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Normandy Completes COMPTUEX

Normandy Completes COMPTUEX

By Mass Communication Specialist 3rd Class Justin R. DiNiro, USS Normandy (CG 60) Public Affairs.
Norfolk, Virginia – (NNS) – February 6, 2015 – The guided-missile cruiser USS Normandy (CG 60) returned to homeport, Feb. 6 after the completion of composite training unit exercise (COMPTUEX) in preparation for a slated deployment.

Synthetic tracking exercise aboard the cruiser USS Normandy (CG 60)

COMPTUEX is a compilation of intense training scenarios designed to test a ship's ability to collaborate with other units in a carrier strike group (CSG) on all levels and all departments in a multitude of exercises based upon real world scenarios, which allow the ship to be deployable.

"We took our previous trainings and, from the start, we noticed our areas of improvement, and we gauged what areas we should fortify just a little more to really flex how much we've learned," said Cmdr. Rochelle Hill, Normandy's executive officer, from Clearwater, Florida. "One of the apexes of this volume of training is to exhibit our procedures and ability to work cohesively as a strike group. Bottom line: this was an incredible learning experience for all of us."

"It is like war games on full blast. Every second of every day is spent engaging contacts, identifying potential threats and measuring your proper response to any scenario," said Operations Specialist 1st Class Yusef Robertson, from Queens, New York. "Normandy has a role essentially playing big brother in protecting the strike group, and we have to act and engage every situation with a technical prowess that can only be developed in an exercise like COMPTUEX."

Right out of the gate, fast attack craft (FAC), masquerading as hostile enemy vessels, attacked Normandy, and the exercise begins. Leadership called up the Ship Nautical or Otherwise Photographic Interpretation Evaluation (SNOOPIE) team for visual identification. The ship's small craft action team (SCAT) manned its weapons, and the level of intensity rose exponentially.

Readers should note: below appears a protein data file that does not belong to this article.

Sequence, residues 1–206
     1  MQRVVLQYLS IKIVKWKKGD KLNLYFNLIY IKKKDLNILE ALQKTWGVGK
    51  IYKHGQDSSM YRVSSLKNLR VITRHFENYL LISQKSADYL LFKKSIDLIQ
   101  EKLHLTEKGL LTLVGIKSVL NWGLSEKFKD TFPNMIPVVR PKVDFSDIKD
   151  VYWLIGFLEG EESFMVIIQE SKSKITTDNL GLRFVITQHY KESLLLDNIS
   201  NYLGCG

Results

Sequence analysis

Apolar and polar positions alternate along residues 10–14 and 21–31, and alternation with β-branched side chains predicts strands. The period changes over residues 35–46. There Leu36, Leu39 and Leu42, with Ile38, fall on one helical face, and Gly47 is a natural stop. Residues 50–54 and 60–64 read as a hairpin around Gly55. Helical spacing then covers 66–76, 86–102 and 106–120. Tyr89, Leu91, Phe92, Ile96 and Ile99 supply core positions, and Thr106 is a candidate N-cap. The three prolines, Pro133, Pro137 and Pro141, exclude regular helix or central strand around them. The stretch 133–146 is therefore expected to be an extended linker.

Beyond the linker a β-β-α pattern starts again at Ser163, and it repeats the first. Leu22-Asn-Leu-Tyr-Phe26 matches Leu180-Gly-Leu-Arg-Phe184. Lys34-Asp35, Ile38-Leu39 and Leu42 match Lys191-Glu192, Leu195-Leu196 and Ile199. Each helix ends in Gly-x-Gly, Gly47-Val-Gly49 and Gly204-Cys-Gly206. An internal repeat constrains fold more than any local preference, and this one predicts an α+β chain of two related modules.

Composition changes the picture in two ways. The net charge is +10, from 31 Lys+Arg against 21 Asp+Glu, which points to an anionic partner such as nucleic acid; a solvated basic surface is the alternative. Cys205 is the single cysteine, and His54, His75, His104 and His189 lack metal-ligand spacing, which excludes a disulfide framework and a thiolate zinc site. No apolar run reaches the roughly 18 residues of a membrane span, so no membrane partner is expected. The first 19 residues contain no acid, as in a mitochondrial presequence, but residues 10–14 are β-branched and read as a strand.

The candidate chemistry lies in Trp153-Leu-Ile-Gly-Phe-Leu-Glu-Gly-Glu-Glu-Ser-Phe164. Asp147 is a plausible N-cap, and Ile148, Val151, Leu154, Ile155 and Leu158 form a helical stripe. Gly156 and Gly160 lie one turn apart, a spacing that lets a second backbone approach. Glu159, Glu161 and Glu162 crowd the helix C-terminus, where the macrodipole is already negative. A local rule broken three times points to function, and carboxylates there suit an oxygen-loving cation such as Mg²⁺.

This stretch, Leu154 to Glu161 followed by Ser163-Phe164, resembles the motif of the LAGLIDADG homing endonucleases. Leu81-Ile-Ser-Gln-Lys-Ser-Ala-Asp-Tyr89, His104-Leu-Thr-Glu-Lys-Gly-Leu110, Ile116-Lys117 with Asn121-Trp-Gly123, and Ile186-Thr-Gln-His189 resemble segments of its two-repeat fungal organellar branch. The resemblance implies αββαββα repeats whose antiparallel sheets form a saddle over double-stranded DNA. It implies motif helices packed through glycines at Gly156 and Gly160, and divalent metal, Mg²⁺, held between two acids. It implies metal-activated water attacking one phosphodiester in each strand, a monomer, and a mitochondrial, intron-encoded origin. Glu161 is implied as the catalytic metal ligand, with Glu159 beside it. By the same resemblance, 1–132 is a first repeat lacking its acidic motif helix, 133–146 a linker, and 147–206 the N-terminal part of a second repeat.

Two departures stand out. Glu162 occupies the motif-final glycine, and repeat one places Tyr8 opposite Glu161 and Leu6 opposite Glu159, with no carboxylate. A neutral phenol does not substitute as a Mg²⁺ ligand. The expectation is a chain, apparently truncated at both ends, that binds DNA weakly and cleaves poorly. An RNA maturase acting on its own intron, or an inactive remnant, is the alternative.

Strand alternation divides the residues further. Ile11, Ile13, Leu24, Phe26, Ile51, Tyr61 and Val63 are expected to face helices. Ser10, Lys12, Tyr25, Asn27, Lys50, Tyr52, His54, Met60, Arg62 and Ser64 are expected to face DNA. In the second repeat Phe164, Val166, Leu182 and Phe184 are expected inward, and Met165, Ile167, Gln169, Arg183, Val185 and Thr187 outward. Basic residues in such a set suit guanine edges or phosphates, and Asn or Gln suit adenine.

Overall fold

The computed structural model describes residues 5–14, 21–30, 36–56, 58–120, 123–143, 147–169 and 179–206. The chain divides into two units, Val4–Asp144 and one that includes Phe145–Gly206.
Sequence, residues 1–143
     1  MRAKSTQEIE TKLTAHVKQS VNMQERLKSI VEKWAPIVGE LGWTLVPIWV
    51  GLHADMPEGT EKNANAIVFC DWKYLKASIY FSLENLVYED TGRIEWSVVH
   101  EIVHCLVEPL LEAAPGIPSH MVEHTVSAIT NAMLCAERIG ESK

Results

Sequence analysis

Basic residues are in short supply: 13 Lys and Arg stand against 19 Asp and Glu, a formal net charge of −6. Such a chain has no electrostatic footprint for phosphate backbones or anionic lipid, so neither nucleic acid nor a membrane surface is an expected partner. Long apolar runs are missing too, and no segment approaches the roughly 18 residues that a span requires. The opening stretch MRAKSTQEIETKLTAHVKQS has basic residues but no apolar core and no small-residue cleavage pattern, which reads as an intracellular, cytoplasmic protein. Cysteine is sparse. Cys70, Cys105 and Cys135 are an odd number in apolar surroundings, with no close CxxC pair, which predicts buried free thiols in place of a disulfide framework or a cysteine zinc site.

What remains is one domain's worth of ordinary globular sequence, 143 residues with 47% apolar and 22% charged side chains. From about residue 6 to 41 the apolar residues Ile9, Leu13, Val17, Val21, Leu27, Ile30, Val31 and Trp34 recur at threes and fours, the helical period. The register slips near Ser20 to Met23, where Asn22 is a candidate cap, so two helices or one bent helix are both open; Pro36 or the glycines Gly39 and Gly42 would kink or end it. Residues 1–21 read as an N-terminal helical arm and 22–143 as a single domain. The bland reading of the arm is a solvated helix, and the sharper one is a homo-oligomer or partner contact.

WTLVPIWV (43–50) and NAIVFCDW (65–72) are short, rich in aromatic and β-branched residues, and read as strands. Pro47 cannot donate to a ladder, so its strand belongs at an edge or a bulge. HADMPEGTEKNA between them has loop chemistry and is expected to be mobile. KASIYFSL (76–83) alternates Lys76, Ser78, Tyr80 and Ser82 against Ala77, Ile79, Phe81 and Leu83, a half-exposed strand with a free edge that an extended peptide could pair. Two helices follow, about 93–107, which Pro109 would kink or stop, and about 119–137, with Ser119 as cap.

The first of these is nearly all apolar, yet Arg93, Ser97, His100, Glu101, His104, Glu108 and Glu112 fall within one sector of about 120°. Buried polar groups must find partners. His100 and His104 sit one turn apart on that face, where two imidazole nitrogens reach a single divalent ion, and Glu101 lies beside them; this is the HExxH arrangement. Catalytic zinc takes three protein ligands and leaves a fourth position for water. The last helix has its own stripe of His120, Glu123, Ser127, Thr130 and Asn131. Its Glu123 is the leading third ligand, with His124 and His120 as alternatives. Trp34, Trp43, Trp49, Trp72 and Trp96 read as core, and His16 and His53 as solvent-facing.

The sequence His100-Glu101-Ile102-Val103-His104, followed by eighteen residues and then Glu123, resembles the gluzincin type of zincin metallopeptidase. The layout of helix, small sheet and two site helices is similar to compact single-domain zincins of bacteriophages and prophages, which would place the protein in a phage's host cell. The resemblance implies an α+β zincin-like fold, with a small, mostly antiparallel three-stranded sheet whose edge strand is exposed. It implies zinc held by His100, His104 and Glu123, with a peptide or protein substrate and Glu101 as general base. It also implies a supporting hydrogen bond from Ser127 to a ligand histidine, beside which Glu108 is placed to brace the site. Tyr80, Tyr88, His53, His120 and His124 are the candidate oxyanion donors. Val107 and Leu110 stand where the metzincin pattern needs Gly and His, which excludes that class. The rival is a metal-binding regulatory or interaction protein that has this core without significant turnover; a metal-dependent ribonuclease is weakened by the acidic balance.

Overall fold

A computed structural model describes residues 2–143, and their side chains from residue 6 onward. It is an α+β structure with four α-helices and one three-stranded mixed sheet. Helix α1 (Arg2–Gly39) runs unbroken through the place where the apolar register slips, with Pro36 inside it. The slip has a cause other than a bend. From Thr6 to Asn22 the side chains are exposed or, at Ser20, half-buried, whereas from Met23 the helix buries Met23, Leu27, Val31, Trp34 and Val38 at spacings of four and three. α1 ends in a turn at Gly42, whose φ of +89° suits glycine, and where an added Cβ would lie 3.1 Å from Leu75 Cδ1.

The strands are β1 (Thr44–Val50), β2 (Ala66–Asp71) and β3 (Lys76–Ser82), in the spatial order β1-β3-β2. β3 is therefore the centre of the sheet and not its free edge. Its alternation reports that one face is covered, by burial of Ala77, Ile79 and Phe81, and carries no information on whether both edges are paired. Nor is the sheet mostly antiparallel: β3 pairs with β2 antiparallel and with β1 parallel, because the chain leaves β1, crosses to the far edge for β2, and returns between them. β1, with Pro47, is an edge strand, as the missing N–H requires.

"SCAT is a vital role in the defense capabilities of the ship. Our line of defense is essential when engaging fast action craft and covering the areas where our major surface defense weapons might not reach," said Gunner's Mate 2nd Class Matthew Allen, from Houston, Texas. "We train in all areas of crew served weapons, such as the M240B machine gun and M2 HB .50-caliber mounted heavy weight machine gun. There is a lot of practice spent firing these weapons to keep our eyes and accuracy intact."

USS Winston S. Churchill (DDG 81), USS Normandy (CG 60) follow behind USS Forrest Sherman

COMPTUEX takes all hands from all departments syncing their minds and relaying messages to properly demonstrate the capabilities of a fully functioning deployable Navy cruiser. The combat information center (CIC) buzzed with calls over the 1MC, the ship's intercom system, of incoming attacks, potential targets, evaluation of threats and the extermination of our simulated target vessels.

"The combat information center is essentially the brains of the ship. When you think about it, we are simulating potential real-world scenarios, and every exercise tests your ability to work as a ship, as a strike group and overall as a department," said Robertson. "We have to be able to control the flow of force and be able to rely on each and every individual to work for a greater purpose. It can get hectic and tiring, but this is what we train for."